What Will LICH Look Like?

Monday, June 16, 2014

Long Island College Hospital in Brooklyn. Long Island College Hospital in Brooklyn will become something new, under a real estate deal with the Fortis Property Group. (Natalie Fertig/WNYC)

The tentative deal for a Brooklyn developer to buy Long Island College Hospital will preserve many medical services in the Cobble Hill area, according to the State University of New York, LICH's owner. But with no more surgery, childbirth or intensive care at the LICH site, some people doubt they're getting the healthcare the area needs.

The recently closed hospital was 1 million square feet. Under the current proposal, only 90,000 square feet will be left for medical services, after the Fortis Property Group builds luxury apartments and affordable housing.

In addition to being a freestanding emergency room – one that transfers the most serious cases to other hospitals – the new LICH will offer pediatrics, internal medicine and gynecology, plus specialties, like cardiology, neurology and orthopedics. Manhattan-based NYU-Langone Medical Center would operate most of the services. Brooklyn-based Lutheran would also play a role.

State health leaders say communities need more partnerships like this. Skeptics say the new center is just a way for NYU and Lutheran to get patients for the most profitable procedures.

Robert Fliegel, who operates a network of community clinics, said many hospitals lose money on primary and office-based specialty care.

"Their infrastructure and costs are so high that there's no way they can deliver this service efficiently," Fliegel said.

Fliegel is the interim CEO of the Joseph Addabo Family Health Centers, which has a clinic in Red Hook, not far from LICH. His group partnered with an earlier bidder for LICH that was rejected.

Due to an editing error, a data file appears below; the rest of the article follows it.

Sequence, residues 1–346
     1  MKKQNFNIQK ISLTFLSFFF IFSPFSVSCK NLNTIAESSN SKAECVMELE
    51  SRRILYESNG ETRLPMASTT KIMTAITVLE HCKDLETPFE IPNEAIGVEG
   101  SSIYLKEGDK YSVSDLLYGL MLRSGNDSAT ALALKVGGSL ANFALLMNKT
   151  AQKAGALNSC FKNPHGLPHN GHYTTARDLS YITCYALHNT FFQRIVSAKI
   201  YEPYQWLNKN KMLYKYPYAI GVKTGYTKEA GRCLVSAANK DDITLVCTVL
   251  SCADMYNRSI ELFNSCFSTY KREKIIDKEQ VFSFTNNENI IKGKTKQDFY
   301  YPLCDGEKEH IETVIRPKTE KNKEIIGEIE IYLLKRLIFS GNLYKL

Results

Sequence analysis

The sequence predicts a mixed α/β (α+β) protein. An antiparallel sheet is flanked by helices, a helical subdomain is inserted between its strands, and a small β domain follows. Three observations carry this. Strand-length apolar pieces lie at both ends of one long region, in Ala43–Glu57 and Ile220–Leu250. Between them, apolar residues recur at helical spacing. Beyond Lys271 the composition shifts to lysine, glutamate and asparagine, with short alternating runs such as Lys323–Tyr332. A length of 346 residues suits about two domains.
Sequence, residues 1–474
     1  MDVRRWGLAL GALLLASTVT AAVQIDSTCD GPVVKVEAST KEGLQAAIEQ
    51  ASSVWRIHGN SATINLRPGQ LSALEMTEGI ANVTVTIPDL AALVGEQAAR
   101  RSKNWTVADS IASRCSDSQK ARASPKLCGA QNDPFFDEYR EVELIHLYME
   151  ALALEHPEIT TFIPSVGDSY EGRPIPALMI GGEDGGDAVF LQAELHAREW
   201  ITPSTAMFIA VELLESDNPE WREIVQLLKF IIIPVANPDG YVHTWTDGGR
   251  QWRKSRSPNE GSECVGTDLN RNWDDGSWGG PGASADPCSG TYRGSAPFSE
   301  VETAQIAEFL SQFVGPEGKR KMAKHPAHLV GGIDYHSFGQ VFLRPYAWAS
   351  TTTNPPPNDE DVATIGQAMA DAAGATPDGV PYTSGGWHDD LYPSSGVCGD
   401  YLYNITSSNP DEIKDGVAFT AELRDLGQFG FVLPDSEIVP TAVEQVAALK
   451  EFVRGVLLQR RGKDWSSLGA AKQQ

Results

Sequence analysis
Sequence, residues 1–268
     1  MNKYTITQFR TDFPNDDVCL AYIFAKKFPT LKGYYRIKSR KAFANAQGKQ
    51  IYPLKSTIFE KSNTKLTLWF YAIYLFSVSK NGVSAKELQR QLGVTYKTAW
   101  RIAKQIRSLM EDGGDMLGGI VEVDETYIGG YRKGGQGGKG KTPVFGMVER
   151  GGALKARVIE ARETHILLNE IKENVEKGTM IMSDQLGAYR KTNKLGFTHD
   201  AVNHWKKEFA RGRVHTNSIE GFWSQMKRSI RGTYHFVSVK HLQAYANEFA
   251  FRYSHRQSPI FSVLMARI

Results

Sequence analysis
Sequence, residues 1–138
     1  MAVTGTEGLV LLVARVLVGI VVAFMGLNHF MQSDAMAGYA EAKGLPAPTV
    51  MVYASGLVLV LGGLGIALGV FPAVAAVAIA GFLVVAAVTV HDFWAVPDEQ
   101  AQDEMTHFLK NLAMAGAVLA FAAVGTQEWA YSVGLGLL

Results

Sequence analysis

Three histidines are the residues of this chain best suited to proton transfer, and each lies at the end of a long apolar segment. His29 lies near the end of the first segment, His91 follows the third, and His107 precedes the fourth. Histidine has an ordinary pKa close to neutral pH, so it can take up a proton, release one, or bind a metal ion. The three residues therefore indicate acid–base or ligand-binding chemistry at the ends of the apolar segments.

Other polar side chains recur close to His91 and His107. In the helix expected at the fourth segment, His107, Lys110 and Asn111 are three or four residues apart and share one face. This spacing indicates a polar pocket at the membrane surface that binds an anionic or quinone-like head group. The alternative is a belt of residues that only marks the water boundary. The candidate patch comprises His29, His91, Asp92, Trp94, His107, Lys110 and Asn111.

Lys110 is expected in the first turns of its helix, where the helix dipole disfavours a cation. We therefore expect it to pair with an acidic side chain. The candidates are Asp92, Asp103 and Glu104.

Most hospitals in the region have merged into large networks in recent years to build their patient base, and NYU is one of the only stand-alone facilities left in the New York City area.

A spokeswoman from NYU said hospital officials cannot comment while they are still in negotiations with SUNY over the terms of the LICH sale.

SUNY has been trying to sell LICH for more than a year.


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Comments [2]

tyler pagan from NYC

Honestly, in the era of ACA, there should be less need for numerous full service hospitals. (Even before that era, there was the understanding that NYC was over-saturated with hospitals).

Jun. 17 2014 04:08 PM

Imagine the sleight of hand switch that the team of Governor Cuomo, SUNY and developers have imposed: a truncated clinic of 90,000 square feet will replace Long Island College Hospital's 1 million square feet of medical services.

This decision to decimate the commons is a death knell. People will surely die for lack of medical care.

Will this sale of public services herald a resurgence of Dickensian poor houses? Probably.

Jun. 17 2014 11:22 AM

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